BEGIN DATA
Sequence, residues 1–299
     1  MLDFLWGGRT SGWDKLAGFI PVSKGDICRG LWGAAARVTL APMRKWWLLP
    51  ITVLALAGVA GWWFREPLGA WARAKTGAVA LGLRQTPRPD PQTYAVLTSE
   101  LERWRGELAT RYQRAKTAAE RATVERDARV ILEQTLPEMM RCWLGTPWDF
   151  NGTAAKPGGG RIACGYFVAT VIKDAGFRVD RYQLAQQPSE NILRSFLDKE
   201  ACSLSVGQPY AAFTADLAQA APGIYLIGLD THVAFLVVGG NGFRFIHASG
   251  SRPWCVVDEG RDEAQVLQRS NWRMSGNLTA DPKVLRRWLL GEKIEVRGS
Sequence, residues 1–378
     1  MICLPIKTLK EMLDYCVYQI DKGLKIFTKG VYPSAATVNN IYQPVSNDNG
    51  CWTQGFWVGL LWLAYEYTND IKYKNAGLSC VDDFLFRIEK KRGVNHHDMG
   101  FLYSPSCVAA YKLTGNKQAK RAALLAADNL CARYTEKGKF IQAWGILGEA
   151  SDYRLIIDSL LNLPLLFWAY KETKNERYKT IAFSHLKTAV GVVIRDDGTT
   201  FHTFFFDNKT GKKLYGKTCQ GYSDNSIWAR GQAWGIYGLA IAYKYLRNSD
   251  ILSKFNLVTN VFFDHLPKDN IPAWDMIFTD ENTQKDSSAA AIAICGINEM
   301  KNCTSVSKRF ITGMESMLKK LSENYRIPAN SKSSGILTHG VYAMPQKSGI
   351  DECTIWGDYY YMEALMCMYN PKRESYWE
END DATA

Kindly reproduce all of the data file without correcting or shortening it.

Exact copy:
Sequence, residues 1–299
     1  MLDFLWGGRT SGWDKLAGFI PVSKGDICRG LWGAAARVTL APMRKWWLLP
    51  ITVLALAGVA GWWFREPLGA WARAKTGAVA LGLRQTPRPD PQTYAVLTSE
   101  LERWRGELAT RYQRAKTAAE RATVERDARV ILEQTLPEMM RCWLGTPWDF
   151  NGTAAKPGGG RIACGYFVAT VIKDAGFRVD RYQLAQQPSE NILRSFLDKE
   201  ACSLSVGQPY AAFTADLAQA APGIYLIGLD THVAFLVVGG NGFRFIHASG
   251  SRPWCVVDEG RDEAQVLQRS NWRMSGNLTA DPKVLRRWLL GEKIEVRGS
Sequence, residues 1–378
     1  MICLPIKTLK EMLDYCVYQI DKGLKIFTKG VYPSAATVNN IYQPVSNDNG
    51  CWTQGFWVGL LWLAYEYTND IKYKNAGLSC VDDFLFRIEK KRGVNHHDMG
   101  FLYSPSCVAA YKLTGNKQAK RAALLAADNL CARYTEKGKF IQAWGILGEA
   151  SDYRLIIDSL LNLPLLFWAY KETKNERYKT IAFSHLKTAV GVVIRDDGTT
   201  FHTFFFDNKT GKKLYGKTCQ GYSDNSIWAR GQAWGIYGLA IAYKYLRNSD
   251  ILSKFNLVTN VFFDHLPKDN IPAWDMIFTD ENTQKDSSAA AIAICGINEM
   301  KNCTSVSKRF ITGMESMLKK LSENYRIPAN SKSSGILTHG VYAMPQKSGI
   351  DECTIWGDYY YMEALMCMYN PKRESYWE